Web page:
Interest among enterprise IT buyers in virtualization solutions remains high, as sector leader VMware (NYSE: VMW) delivered better-than-expected first-quarter sales and earnings and raised estimates for its full fiscal year.
VMware pleasantly surprised analysts and shareholders Tuesday when it returned a profit of $133 million, or $0.32 a share, on sales of $634 million. Revenue represented a 35 percent improvement from a year ago while the $0.32 a share profit was well above the consensus estimate of $0.28 a share (versus $0.25 a year ago), according to analysts surveyed by Thomson Reuters.
Wall Street responded by sending VMware shares up $5.14 a share, or 9 percent, to $61.66 in Wednesday trading. More encouraging, VMware executives during a conference call with analysts revised the company's full-year revenue expectations to between $2.63 billion and $2.73 billion, up at least 30 percent from the prior year.
For the IT sector, those numbers signal one thing: Enterprise virtualization technology is red hot and in high demand.
"The quarter's strong performance reinforces our position that virtualization is becoming a cornerstone for customers' IT strategy, particularly since it enables them an evolutionary path forward to cloud computing," CEO Paul Maritz said following the earnings report.
"With this broad acceptance of virtualization, it allows us to maintain an innovative and aggressive strategy to help remove complexity from IT and deliver on our vision of enabling IT-as-a-service," he added.
It's this concept of IT-as-a-service, particularly from a virtualization standpoint, that has investors and virtualization competitors such as IBM (NYSE: IBM), Microsoft (NASDAQ: MSFT) and Oracle (NASDAQ: ORCL) waiting with bated breath for next's week much-ballyhooed joint announcement from VMware and on-demand CRM and business applications provider Salesforce (NYSE: CRM).
While exact details are sketchy, the blogosphere is abuzz with rumors of some kind of combined infrastructure-as-a-service or virtualization-as-a-service announcement from two of the tech industry's most prominent and cutting-edge software providers.
As Salesforce looks to expand its empire beyond the nuts-and-bolts CRM applications now threatening established enterprise software vendors like Microsoft, SAP (NYSE: SAP) and IBM, all indications are the software-as-a-service leader is poised to incorporate the benefits of VMware's virtual machines into a subscription-based service hosted in the cloud.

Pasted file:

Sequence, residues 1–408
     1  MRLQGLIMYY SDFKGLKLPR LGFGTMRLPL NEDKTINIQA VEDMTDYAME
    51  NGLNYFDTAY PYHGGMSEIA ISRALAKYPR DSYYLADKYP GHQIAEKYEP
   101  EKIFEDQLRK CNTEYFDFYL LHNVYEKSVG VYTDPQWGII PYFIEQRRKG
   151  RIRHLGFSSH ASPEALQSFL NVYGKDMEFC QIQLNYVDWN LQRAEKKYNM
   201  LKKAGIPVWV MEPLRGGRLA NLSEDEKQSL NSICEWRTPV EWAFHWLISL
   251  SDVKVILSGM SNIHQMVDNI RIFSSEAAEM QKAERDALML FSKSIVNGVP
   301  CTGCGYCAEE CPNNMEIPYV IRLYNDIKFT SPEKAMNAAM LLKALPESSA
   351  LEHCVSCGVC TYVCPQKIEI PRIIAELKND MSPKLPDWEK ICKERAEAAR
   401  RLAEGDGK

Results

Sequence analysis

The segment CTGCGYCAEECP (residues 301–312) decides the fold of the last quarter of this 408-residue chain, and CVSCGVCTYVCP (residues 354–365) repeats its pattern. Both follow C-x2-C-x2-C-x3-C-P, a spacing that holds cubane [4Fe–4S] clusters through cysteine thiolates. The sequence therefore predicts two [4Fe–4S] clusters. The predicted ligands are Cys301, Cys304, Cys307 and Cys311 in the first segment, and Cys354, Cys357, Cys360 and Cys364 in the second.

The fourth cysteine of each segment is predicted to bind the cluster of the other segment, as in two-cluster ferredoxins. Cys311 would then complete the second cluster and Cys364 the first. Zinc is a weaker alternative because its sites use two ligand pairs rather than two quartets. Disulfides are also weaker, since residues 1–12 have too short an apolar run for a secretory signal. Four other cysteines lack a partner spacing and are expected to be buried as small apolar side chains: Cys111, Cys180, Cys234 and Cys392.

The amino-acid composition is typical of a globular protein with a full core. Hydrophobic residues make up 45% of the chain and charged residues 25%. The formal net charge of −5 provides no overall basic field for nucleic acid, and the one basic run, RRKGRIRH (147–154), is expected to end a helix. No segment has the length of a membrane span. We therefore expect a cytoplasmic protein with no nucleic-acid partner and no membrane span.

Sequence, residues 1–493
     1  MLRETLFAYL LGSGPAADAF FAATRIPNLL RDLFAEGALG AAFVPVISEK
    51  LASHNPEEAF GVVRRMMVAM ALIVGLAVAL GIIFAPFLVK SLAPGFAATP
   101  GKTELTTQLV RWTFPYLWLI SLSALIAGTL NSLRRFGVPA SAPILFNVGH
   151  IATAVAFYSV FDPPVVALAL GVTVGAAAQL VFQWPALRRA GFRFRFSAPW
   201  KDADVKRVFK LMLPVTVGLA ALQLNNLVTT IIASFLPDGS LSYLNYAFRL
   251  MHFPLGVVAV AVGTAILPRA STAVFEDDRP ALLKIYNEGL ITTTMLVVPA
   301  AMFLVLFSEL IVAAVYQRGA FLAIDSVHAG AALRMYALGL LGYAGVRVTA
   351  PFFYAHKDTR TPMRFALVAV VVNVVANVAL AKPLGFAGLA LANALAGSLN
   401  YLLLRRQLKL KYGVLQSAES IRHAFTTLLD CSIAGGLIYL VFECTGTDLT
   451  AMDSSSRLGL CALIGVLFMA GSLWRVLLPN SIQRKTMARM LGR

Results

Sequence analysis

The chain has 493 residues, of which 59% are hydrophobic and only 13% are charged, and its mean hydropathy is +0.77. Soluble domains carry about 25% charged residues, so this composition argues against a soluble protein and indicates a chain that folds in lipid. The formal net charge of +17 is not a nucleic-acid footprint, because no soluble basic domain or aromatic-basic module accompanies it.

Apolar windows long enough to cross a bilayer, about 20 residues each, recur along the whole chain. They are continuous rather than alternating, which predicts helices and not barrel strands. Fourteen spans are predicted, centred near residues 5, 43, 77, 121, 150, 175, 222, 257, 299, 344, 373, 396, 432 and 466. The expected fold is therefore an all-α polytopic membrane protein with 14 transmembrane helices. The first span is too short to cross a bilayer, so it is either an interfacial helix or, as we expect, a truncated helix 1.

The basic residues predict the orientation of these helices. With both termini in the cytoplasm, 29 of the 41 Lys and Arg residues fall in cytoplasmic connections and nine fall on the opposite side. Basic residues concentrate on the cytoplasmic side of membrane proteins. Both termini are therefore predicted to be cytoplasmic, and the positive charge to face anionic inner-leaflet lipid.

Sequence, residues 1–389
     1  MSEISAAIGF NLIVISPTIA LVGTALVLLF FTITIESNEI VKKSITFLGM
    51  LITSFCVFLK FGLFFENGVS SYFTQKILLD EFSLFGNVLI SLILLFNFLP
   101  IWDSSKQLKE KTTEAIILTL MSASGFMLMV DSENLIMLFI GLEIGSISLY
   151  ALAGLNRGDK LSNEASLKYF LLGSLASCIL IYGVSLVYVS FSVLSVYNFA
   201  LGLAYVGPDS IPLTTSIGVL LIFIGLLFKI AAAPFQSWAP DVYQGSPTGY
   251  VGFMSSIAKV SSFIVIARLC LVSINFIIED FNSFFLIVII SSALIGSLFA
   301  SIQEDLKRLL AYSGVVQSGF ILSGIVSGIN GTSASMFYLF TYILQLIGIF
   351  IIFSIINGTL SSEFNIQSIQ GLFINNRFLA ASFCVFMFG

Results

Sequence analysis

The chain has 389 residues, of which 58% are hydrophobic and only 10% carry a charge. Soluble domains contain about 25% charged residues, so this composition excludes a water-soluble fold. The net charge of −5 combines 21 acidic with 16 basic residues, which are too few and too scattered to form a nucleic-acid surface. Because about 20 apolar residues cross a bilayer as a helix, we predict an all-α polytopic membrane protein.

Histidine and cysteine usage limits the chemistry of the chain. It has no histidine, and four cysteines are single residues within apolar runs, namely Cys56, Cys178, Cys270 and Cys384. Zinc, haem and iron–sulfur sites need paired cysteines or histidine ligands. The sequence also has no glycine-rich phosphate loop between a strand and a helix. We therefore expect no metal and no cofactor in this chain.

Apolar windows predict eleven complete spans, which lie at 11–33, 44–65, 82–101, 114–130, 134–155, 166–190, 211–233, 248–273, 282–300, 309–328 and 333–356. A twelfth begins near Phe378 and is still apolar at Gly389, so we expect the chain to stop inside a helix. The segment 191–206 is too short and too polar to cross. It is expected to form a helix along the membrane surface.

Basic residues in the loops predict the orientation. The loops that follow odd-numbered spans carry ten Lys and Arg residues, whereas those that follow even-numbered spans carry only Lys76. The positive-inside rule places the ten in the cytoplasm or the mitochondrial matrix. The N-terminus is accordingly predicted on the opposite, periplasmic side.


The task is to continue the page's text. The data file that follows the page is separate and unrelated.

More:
Until the details are unveiled April 27, industry-watchers will simply have to live with signs that VMware appears to have shaken off some of the fits and starts that aren't uncommon with emerging sector leaders to ride what appears to be a steadily improving IT spending market.
To wit, VMware's first-quarter licensing revenue improved 21 percent from the first quarter of last year to more than $312 million. Its services revenues, a key indicator not only of the popularity of its core desktop and server virtualization apps but also the perceived value-added resources that enterprises are now willing to pay for, surged up 51 percent to more than $322 million.
These encouraging trailing indicators, combined with Maritz' ebullient outlook for the rest of the year, led a pair of prominent Wall Street analysts to issue beaming research reports in their aftermath.
"We like VMware because we believe customers will increasingly invest in its solutions as the technology industry shifts to computing as a service," JMP Securities analyst Patrick Walravens wrote in research note Wednesday morning. "We view this shift as the most profound change in the technology industry since the introduction of the personal computer in the early 1980s."
Walravens also raised his 2010 profit target to $1.30 a share from $1.13 a share and upgraded the stock from a "market perform" rating to "market outperform."
Meanwhile, Morgan Keegan's Brian Freed also boosted his 2010 earnings forecast to $1.31 a share and set a 2010 revenue target of $2.64 billion while reiterating his "market perform" rating with what he characterized as "an increasingly positive bias."
"We were impressed with VMware's solid execution in the quarter and see VMware as an attractive investment vehicle for longer-term oriented investors focused on the opportunities in cloud storage," Freed wrote in a separate research note.
Last quarter, VMware easily hurdled analysts' estimates, returning a profit of $127 million, or $0.27 a share, on sales of $608 million.
"We're seeing a major shift in our industry," Maritz said during the earnings call with analysts. "The great recession of 2009 convinced customers they can't prop up aging infrastructure forever. We believe virtualization is key to this."